Fritz’s untimely death brings the sisters together for the first time, and they learn from their father’s close friend and lawyer that his will requires them to join forces to restore an old theater in the small Pennsylvania town he came from or forfeit their large inheritance. His hope is that they will grow to love his childhood home and understand the mystery he left behind and never felt able to tell them.

Audience: Fans of Nora Roberts’ “sisters” series; readers of books by Jill Shalvis, Kristan Higgins, and Susan Mallery.  A reading group guide is included in the back of book material if you'd like to read it with your book group.

My Impression: This was an enjoyable launch of a new series by a New York Times bestselling author, and those who enjoy a quirky, small town setting and fresh starts will like unassuming heroine Cara and her more complicated half-sisters. Required by their father’s will to spend a year in Hidden Falls, PA, they are welcomed by a hitherto unknown aunt and by the community, despite learning secrets about their father and the reason he rarely returned to his home. Each sister begins to come to terms with their father’s secrecy and the adjustment to a new family. The sisters are helped in this effort by the warmth of the community and by an unexpected visit from Allie’s daughter, a bubbly teen who is improbably unspoiled by her LA upbringing. Although Cara is the focus of this book, segments are told from her sisters’ point-of-view, and there are three very different male characters who will provide a second chance at love for Cara and Allie and a first opportunity for Des. Another appealing character is Fritz’s sister, an aunt the sisters did not know existed but become fond of quickly. I also enjoyed the descriptions of renovating the Sugarhouse Theater, which has fallen into disrepair, based on a theater the author knew.

My biggest concern with the book is the back story which requires much suspension of disbelief. I don’t doubt that it is possible in this day and age for a man to have two families at opposite ends of the country and keep them in the dark about each other, but it would have been more plausible if he had not been a celebrated Hollywood agent and I wish the author had created a scenario which was more convincing. How could Cara have never read an article about him, which would certainly have mentioned his other family? Never Google your own father? No one in Devlin’s Light, NJ was ever curious enough about its part time resident to research him? No coverage of her own wedding, which might have revealed her to her West Coast sisters? When she traveled with her father to London, none of his colleagues there ever asked her about his famous wife Honora or his famous daughter Desdemona? She never saw her half sister’s TV show Des Does herself and remarked that the star shared her surname? And, by the way, despite traveling with her former husband, she never knew that New Jersey is one of the few states that bans self serve gas? It is also surprising that Allie, financially down on her luck when the story begins, would not have asked her father to help her get work. I know they weren’t close but surely he wouldn’t have wanted her to lose her home. These issues could have been explained away, perhaps, or Stewart could have set the book back in a pre-Internet era.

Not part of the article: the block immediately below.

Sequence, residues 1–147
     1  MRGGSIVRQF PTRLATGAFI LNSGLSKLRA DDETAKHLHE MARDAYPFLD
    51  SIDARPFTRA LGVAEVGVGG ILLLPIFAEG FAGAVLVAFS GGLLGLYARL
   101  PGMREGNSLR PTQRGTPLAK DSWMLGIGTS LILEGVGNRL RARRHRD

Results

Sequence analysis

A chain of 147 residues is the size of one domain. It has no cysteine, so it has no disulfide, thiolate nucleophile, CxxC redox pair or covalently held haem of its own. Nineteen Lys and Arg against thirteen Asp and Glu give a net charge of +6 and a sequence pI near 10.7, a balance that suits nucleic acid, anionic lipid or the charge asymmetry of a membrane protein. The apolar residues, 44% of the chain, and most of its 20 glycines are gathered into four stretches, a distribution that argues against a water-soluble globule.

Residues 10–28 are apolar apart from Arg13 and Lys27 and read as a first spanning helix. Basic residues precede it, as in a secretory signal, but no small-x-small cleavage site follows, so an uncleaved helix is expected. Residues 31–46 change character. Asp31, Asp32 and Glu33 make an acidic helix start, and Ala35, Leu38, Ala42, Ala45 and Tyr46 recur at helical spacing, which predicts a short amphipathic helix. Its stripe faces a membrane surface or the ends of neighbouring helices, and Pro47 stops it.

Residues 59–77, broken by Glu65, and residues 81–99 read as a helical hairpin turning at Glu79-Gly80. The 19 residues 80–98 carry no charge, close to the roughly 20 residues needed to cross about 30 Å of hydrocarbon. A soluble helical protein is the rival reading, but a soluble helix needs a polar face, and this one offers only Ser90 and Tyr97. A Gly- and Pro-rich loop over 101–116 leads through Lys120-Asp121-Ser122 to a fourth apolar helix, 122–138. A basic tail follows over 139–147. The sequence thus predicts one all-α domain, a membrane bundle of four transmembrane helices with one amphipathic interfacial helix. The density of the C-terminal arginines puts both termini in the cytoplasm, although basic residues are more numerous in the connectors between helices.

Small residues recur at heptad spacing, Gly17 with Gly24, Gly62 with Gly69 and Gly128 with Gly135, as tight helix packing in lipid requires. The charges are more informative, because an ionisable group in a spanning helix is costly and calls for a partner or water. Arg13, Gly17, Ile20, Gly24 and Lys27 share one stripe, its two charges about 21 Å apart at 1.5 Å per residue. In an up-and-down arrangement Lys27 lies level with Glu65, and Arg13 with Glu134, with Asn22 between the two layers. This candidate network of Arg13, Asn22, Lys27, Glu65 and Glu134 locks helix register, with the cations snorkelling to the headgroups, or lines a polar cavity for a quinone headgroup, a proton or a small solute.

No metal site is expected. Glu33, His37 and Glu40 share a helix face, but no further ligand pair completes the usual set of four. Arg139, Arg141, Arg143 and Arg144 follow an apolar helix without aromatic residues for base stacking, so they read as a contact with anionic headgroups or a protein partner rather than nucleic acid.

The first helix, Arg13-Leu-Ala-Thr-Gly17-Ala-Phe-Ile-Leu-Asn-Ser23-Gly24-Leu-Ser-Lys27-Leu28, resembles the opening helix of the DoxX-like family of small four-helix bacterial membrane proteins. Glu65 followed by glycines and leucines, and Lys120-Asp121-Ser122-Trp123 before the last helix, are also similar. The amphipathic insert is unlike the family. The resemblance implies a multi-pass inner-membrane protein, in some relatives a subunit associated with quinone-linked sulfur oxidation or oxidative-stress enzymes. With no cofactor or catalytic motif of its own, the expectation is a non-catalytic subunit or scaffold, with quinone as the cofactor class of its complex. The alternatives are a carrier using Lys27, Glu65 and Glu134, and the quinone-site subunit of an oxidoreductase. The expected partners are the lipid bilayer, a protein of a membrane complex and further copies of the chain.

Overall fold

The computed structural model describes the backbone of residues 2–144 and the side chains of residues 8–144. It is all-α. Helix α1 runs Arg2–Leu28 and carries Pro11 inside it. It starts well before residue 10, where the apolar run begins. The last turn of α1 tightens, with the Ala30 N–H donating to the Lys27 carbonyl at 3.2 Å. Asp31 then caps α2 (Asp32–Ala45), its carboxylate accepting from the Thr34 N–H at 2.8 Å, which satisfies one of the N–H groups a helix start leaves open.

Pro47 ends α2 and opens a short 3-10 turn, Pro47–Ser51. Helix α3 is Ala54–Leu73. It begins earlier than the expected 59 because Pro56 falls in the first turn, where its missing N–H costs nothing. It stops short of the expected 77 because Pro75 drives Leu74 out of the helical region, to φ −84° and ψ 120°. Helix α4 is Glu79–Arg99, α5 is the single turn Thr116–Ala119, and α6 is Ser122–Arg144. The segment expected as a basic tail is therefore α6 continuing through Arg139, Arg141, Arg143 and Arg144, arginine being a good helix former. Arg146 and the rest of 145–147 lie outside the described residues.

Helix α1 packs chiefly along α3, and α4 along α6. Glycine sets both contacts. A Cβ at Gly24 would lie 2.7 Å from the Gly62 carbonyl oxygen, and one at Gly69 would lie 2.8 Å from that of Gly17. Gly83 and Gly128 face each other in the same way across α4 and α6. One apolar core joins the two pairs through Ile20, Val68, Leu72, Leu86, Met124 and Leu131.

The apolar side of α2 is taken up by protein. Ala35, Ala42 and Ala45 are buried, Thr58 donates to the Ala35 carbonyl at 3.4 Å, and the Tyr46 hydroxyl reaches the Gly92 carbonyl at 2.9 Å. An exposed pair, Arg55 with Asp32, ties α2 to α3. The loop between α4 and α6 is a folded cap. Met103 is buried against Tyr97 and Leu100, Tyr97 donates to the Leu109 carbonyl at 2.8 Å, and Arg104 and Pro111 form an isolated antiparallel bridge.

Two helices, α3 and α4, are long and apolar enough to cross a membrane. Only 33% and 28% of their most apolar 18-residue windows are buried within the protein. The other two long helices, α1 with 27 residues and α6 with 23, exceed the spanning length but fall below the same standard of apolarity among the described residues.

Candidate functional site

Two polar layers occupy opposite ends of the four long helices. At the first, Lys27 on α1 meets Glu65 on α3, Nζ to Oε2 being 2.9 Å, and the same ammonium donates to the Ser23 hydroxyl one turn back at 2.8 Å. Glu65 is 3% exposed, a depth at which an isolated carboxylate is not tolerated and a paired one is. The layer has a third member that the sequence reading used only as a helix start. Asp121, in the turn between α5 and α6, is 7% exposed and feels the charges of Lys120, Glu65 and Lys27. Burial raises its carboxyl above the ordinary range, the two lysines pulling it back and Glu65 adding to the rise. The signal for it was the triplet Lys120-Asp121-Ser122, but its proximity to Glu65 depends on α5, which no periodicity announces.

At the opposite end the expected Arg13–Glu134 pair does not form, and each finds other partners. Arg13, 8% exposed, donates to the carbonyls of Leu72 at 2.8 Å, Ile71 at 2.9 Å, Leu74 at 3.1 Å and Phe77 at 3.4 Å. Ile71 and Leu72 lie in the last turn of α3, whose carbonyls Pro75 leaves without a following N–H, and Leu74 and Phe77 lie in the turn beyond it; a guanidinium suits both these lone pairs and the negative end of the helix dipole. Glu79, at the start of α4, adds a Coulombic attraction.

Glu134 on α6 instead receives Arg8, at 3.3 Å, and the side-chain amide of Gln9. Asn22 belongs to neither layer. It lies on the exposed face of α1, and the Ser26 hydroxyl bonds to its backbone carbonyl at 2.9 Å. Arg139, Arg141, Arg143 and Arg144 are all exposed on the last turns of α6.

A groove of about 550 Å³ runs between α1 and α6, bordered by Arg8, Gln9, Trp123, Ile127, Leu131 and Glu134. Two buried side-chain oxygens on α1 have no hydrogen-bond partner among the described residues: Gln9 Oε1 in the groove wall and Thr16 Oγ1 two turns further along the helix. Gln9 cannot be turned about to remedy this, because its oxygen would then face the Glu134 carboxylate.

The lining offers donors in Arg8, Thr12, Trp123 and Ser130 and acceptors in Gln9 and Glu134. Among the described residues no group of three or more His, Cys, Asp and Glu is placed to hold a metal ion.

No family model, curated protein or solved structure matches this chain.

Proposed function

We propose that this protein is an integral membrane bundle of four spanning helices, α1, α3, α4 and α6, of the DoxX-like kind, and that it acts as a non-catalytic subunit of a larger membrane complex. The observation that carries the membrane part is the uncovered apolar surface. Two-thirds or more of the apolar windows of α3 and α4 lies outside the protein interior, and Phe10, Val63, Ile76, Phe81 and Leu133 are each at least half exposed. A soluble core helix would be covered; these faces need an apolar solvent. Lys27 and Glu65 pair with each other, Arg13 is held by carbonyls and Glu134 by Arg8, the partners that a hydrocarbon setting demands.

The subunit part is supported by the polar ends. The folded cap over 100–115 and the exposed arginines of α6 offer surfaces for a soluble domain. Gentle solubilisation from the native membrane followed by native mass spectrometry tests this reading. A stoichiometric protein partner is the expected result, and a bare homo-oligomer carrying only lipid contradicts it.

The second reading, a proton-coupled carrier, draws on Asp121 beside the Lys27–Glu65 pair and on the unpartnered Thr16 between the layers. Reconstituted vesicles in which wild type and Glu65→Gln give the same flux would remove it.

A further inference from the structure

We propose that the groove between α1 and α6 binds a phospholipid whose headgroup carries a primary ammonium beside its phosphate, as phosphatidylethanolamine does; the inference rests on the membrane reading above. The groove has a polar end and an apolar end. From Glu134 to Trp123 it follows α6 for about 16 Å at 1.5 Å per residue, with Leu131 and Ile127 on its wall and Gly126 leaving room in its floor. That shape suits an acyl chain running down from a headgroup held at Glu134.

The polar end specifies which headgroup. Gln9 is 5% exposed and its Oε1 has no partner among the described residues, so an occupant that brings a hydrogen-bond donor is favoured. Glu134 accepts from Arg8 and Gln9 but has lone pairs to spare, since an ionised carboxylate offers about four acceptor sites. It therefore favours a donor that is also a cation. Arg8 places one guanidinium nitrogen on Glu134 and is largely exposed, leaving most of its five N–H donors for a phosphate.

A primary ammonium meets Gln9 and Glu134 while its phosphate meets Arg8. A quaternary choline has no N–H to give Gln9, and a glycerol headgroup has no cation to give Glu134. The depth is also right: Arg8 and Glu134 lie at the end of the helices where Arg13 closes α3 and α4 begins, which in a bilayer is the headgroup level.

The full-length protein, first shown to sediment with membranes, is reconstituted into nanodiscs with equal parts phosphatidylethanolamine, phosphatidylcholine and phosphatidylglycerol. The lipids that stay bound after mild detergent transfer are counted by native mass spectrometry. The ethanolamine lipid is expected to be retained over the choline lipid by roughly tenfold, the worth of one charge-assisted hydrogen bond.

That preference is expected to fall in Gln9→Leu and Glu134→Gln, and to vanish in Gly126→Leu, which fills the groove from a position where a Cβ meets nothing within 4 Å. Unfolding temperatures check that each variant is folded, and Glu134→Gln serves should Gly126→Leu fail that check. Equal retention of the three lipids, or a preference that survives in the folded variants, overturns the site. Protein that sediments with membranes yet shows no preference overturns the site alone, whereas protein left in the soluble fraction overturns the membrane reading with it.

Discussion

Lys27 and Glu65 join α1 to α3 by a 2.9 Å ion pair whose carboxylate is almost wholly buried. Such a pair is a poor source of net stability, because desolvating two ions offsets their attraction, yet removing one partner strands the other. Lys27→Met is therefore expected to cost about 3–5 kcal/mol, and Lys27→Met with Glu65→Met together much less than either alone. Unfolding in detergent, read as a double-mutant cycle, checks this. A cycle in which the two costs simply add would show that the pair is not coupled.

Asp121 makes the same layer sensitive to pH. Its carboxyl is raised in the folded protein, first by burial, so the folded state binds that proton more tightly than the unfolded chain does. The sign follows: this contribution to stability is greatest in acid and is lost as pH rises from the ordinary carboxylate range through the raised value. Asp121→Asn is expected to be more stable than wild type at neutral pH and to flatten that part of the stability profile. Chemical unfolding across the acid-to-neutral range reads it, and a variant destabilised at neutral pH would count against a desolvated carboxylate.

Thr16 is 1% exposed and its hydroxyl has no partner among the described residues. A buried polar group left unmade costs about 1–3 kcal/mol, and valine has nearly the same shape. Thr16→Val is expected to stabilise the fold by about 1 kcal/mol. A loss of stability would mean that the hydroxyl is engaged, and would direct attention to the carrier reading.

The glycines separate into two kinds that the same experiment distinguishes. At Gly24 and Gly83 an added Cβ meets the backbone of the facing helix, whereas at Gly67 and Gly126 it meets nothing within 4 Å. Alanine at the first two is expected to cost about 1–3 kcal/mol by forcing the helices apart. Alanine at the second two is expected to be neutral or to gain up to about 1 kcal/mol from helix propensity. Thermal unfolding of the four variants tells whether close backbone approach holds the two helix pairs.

There is a hint that Cara’s mother knew all along that her husband was a bigamist, and perhaps she didn’t mind, due to her laid-back personality, but wouldn’t she have been upset for her daughter to learn she’d been the victim of deceit and was illegitimate or is that so passé no one cares anymore?

Recipe: At one point Cara makes her mother's homemade granola, which is a big hit with her new family. Stewart includes the recipe at the end of the book. I don't think that would replace chocolate chip cookies in my house but it fits with the image of Cara's hippie mother.  Stewart includes the recipe in the back of the book.

Giveaway: Thanks to Gallery Books, I have a copy of this book to give away. Please leave a comment by 4/23/17 if you are interested - tell me your favorite book about sisters - and I will pick a name. U.S. only, please!
Monday Matinee Giveaway: Follow XOXOAfterDark on Twitter (@xoxoafterdark) on Mondays in April to see which other blogs are hosting giveaways for The Last Chance Matinee on April 3, 10, 17, and 24! #MondayMatinee